I am going to buy a new CPU. I have Intel Core 2 duo 4300. I've already chosen Intel i5-2500/i5-2500k (Sandy Bridge) as my new target CPU. I've read a lot of details about Sandy Bridge family, P67/H67 chipsets. My question is about TXT/VT-d.

As Intel COMPARISON pages shows there is a (major/minor?) difference between these two CPUs: lack of TXT/VT-d in i5-2500K model.

My question is.. when exactly and in what software do these options matter? Please, share some (or many) examples of real application of these two technologies.


There are two different aspects:

  • vt-d is a useful technology allowing VMs direct access to the hardware. Beyond the obvious performance gain the other advantage is that the VM does not have to rely on the hypervisor or host OS support of the HW.

  • TXT however is a potentially nastier kind of beast. Although it is presented by Intel as a security improvement for the user it is above all a device allowing vendor lock-in and DRM enforcement. And you and I know that you can't trust vendors to use these device in the sole customer's interest. I'm not saying we should boycott these CPUs, they will eventually be ubiquitous, however if you are in the process of selecting a CPU, that's probably one thing you might want to be aware of.

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  • Tell me more about those digital restrictions management stories. Are there any good articles about that? – AndrejaKo May 2 '11 at 11:25
  • Hmm.. I am aware of DRM "issue" but articles I had read didn't connect TXT with DRM. Thanks for pointing this out. – Krzysztof Szynter May 2 '11 at 11:34
  • @AndreajaKo, have a look at what the Linux geeks think about it or try the wikipedia TXT or TC entries. – Alain Pannetier May 2 '11 at 11:35
  • TXT seems like a worrying development indeed. Still, it's mentioned that a TPM chip is required for the system to work, so it probably won't be as dangerous until they become commonplace among home use computers. – AndrejaKo May 2 '11 at 11:46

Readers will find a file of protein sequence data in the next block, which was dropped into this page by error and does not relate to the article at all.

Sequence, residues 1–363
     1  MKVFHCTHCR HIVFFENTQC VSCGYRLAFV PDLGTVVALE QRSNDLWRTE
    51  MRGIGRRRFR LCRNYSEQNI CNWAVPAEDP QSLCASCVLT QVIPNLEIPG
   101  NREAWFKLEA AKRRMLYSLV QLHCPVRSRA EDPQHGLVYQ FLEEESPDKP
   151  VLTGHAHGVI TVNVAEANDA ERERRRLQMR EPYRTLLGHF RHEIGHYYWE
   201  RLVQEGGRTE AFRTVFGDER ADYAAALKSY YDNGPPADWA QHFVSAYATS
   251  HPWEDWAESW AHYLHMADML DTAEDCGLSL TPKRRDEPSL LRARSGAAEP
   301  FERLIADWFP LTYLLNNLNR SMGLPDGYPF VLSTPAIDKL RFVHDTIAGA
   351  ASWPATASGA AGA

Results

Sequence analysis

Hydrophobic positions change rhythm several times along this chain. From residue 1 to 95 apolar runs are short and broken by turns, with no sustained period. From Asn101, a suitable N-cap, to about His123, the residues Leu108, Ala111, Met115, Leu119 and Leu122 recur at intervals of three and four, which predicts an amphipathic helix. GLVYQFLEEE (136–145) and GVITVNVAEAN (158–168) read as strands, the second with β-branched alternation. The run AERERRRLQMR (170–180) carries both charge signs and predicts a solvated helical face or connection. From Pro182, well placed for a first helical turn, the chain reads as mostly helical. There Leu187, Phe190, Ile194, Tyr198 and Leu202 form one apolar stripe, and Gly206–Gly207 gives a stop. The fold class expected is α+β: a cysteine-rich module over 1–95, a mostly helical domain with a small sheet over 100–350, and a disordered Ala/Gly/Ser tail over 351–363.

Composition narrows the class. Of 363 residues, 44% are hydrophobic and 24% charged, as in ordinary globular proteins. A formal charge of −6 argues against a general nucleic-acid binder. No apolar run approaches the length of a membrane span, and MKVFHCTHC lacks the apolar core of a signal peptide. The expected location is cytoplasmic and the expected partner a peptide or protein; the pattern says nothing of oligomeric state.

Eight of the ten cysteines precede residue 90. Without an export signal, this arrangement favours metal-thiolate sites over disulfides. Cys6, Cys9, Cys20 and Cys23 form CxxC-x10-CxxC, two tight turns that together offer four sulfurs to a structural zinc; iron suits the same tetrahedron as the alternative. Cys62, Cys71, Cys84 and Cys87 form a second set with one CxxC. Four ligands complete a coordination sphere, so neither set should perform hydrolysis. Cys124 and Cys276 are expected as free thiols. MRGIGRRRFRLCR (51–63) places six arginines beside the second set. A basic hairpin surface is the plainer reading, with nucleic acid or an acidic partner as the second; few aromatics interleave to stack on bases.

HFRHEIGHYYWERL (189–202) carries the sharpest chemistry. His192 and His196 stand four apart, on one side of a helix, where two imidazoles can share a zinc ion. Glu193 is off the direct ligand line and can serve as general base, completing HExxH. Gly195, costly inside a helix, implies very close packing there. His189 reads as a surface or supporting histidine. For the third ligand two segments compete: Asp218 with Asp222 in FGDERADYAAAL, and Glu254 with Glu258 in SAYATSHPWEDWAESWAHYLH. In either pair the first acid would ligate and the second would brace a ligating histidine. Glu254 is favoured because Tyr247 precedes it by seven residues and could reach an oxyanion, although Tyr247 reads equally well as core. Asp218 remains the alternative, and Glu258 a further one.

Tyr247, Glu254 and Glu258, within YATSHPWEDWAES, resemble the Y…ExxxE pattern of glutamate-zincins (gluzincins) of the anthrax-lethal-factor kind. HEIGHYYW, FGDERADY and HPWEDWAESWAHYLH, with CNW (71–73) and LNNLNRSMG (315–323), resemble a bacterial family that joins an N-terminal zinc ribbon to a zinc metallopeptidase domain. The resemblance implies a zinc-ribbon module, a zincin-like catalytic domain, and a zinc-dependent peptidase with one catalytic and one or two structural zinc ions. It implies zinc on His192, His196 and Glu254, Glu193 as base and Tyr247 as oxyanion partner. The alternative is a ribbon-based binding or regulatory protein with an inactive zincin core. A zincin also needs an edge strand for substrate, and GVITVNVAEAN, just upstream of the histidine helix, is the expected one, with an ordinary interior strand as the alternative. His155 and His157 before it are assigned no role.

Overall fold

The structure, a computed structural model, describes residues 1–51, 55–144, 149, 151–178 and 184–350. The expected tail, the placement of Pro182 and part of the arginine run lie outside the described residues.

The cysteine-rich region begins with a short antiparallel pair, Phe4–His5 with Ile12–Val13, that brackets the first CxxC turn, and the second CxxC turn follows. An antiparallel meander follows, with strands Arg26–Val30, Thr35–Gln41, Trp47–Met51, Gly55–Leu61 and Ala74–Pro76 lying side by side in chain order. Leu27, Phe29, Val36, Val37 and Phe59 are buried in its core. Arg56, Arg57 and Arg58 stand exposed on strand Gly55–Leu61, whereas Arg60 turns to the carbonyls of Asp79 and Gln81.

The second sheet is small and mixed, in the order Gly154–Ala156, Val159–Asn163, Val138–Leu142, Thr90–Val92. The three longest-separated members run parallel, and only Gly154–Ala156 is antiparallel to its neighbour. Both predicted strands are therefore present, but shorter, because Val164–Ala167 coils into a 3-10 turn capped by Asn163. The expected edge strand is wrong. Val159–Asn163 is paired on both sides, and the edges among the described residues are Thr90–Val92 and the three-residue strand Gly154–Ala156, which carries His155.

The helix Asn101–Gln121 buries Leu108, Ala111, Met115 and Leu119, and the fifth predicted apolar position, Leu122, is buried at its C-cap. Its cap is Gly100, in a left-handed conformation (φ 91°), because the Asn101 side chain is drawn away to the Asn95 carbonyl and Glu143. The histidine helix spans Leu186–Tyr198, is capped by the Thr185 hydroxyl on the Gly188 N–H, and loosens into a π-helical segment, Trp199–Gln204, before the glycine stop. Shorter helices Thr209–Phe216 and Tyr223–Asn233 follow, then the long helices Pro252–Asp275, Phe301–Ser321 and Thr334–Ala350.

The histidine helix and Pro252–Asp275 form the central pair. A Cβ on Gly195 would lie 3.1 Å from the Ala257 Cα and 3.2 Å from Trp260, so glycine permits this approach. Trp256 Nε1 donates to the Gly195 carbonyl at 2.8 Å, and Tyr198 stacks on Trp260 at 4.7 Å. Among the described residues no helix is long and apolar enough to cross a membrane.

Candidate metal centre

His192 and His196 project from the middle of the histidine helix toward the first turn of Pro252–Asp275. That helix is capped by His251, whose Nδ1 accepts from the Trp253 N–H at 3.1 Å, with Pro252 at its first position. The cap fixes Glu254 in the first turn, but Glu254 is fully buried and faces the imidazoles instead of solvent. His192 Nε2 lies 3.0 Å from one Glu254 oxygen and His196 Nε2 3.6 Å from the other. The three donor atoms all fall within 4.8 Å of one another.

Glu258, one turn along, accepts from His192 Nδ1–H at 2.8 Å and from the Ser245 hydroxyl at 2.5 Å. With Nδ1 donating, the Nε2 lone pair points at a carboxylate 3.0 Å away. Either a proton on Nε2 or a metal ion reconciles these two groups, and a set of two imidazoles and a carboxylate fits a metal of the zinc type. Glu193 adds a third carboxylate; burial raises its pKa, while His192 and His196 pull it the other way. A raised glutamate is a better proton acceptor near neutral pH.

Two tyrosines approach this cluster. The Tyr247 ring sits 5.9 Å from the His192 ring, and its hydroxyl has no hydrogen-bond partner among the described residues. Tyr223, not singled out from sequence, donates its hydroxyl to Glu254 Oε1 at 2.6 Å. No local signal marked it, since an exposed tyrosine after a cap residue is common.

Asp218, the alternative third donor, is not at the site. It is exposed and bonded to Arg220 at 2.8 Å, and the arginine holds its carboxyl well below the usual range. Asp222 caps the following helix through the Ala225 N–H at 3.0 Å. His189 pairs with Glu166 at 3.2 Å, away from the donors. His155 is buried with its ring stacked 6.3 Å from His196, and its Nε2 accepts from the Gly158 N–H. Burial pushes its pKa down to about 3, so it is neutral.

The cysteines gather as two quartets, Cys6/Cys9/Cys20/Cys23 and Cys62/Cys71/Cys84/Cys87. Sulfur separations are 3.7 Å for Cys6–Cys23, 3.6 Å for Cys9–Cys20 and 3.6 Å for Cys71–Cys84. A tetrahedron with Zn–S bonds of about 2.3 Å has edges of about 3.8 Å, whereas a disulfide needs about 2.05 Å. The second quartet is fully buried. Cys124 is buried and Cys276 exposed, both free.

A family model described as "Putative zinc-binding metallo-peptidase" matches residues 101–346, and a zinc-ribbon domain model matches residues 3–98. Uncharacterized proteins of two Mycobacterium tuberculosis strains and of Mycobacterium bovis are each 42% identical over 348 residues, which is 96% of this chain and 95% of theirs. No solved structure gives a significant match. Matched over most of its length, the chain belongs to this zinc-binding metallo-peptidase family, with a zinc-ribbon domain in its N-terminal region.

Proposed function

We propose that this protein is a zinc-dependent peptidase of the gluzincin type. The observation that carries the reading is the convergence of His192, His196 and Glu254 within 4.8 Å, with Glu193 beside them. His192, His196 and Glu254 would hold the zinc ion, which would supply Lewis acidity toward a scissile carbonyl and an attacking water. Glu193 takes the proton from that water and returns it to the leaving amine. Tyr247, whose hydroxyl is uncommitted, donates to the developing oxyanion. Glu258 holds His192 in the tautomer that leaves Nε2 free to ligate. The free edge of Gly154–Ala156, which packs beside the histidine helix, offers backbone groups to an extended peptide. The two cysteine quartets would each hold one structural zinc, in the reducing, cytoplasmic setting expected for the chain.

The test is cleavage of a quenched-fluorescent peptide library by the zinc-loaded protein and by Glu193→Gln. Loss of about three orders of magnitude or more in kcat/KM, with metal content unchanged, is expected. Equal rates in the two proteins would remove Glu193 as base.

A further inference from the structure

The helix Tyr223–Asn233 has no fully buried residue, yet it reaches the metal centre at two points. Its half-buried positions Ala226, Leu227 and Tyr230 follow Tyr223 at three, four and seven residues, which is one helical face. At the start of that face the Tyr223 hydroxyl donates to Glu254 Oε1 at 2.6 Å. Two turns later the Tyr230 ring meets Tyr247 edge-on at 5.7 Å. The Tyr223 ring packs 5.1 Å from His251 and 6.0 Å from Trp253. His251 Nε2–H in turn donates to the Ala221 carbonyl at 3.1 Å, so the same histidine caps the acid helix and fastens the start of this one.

• @dygi and @AndreajaKo, why would a chip foundry company be interested in McAfee ? – Alain Pannetier May 2 '11 at 11:47

In theory VT-d could provide much better support for emulation and handling of hardware devices within a VM and, for example, take some of the grunt work out of moving data from the VM network interface to the host network interface.

In all honesty for home users you're probably not going to see a massive boost to your VM performance with VT-d, it looks to me more geared around multiple heavily used concurrent VMs, but there may be a bit more performance if your VM host software supports it.


Understanding VT-d: Intel Virtualization Technology for Directed I/O

Intel® Virtualization Technology for Directed I/O

Intel® Virtualization Technology (Intel® VT) for Directed I/O (Intel® VT-d) Architecture Specification

Looking at that last document (section 2.5 if you're interested) VT-d's main features appear to be allowing more separation of I/O to devices from VMs (so that each VM can effectively have it's own buffer to a device) and allowing VMs with appropriate drivers to have nearly direct access to the host hardware while still remaining protected and secure.